FOM: Effective Bounds in Core Mathematics
Martin Davis
martin at eipye.com
Thu Jun 29 11:37:33 EDT 2000
At 03:55 PM 6/27/00 -0400, Fred Richman wrote:
>An analysis of a classical proof of P
>might reveal a constructive proof of a classically equivalent theorem
>Q. The constructivist would maintain that Q is what had been proved,
>not P. ... the constructivist ... is simply interested in finer
>distinctions
>than the classical mathematician wishes to make.
As stated this is surely not true. The non-constructivist makes the very
same distinction, but expresses it in different words. Instead of saying:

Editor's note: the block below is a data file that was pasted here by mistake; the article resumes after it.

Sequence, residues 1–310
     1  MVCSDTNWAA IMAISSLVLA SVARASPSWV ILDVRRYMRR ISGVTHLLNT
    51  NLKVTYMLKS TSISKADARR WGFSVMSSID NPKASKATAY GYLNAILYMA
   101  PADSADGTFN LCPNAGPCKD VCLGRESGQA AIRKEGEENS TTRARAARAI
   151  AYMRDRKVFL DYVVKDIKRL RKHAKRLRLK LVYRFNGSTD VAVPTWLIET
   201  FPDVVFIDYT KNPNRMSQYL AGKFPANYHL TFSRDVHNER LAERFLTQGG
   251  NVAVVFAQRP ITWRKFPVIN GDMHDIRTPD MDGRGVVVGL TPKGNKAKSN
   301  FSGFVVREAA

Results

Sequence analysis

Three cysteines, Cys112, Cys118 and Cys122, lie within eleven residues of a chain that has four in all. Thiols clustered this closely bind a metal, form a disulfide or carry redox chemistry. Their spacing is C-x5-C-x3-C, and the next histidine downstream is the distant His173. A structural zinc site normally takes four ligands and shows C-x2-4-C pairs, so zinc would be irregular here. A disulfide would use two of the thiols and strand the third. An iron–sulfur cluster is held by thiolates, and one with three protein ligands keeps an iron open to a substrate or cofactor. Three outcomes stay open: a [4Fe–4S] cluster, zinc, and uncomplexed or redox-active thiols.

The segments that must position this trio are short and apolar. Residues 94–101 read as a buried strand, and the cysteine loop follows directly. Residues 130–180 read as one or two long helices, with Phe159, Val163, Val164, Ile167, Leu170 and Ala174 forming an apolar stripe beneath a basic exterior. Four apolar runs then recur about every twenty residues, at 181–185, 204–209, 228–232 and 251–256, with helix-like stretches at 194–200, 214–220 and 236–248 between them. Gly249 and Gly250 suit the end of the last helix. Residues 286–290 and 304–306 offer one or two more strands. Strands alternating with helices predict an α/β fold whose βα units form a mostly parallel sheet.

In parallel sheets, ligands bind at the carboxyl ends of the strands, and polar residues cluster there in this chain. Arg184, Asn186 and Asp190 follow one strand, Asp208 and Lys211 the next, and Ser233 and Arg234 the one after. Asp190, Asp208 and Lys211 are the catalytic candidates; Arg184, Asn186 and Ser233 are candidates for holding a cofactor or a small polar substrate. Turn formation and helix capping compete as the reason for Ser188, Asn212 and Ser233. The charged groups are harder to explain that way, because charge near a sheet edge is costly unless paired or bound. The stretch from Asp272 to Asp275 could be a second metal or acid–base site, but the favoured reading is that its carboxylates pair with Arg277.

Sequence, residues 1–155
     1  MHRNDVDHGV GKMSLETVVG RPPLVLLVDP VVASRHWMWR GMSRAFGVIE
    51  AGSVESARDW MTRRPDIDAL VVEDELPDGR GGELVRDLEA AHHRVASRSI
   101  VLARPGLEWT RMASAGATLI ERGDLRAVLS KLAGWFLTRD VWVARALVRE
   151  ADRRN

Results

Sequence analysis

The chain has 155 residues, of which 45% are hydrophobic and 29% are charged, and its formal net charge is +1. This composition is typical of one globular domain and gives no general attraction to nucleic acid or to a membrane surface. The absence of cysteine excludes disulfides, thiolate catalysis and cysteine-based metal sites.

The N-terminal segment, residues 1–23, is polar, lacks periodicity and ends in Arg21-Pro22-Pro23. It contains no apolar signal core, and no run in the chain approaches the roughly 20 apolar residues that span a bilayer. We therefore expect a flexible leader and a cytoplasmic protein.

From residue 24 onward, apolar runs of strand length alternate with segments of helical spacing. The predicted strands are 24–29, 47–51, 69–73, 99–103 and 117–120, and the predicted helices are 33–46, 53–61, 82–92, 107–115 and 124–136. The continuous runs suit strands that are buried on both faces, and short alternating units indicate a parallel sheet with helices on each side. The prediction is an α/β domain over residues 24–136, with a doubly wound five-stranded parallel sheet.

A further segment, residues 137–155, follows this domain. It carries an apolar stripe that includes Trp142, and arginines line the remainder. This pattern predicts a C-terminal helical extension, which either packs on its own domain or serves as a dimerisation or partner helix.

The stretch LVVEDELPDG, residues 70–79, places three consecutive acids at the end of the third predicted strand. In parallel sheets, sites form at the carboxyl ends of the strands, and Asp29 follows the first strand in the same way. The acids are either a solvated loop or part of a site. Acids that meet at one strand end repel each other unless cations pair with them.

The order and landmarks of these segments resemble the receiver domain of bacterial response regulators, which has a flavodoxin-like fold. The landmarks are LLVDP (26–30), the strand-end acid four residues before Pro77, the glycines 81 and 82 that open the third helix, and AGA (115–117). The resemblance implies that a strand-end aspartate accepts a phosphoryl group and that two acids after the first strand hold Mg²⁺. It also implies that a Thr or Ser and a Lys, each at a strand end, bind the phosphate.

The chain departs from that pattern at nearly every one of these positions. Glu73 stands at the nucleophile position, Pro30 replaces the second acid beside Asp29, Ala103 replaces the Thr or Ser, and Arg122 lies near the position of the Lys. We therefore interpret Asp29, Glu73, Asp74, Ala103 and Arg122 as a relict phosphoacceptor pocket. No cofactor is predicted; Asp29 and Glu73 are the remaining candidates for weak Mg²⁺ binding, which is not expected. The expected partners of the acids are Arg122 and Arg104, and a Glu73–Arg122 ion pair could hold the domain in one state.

P has not been proved, the proof only shows Q
the non-constructivist would say
P has been proved, but non-constructively
Where is there greater fineness of distinction?
If the constructivist is of the Bishop variety, the tendency will be to
replace P by P* that can be proved constructively because a stronger
hypothesis has been built in, e.g., classical continuity replaced by
uniform effective continuity. With the redefinition, P* written in English
may even use exactly the same words as P. Is this making finer distinctions
or a form of obfuscation?
Martin Davis
Visiting Scholar UC Berkeley
Professor Emeritus, NYU
martin at eipye.com
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